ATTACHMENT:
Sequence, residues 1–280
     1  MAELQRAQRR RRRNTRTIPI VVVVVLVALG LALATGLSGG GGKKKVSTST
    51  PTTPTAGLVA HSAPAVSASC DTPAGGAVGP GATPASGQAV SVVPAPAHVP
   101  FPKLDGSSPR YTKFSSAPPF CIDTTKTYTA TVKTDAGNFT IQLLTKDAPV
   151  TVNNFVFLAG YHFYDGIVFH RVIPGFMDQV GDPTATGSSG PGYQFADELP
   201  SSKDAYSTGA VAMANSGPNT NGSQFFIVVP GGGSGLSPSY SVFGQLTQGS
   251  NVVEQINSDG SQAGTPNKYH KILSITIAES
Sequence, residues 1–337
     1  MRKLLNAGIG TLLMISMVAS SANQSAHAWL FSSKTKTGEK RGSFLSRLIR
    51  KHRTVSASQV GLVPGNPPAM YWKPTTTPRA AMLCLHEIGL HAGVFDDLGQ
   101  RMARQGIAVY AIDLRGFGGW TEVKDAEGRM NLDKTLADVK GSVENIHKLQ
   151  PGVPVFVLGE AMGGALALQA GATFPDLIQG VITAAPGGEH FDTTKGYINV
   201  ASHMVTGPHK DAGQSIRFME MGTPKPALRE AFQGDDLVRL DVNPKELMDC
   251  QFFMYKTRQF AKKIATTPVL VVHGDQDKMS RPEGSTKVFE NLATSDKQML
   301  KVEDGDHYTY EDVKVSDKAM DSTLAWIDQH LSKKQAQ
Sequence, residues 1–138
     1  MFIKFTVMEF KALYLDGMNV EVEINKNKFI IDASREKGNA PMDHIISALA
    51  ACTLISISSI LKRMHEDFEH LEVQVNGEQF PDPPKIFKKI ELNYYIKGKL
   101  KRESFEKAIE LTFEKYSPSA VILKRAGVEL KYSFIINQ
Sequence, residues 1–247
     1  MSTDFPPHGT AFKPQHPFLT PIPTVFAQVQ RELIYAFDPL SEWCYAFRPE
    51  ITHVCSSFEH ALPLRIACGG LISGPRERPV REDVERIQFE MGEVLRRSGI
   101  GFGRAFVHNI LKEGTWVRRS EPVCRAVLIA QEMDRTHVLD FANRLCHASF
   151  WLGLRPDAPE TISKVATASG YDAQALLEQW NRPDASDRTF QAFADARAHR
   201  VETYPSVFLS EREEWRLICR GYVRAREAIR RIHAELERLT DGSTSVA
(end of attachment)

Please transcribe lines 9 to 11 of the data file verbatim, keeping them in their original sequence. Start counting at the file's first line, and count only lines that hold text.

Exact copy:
     1  MRKLLNAGIG TLLMISMVAS SANQSAHAWL FSSKTKTGEK RGSFLSRLIR
    51  KHRTVSASQV GLVPGNPPAM YWKPTTTPRA AMLCLHEIGL HAGVFDDLGQ
   101  RMARQGIAVY AIDLRGFGGW TEVKDAEGRM NLDKTLADVK GSVENIHKLQ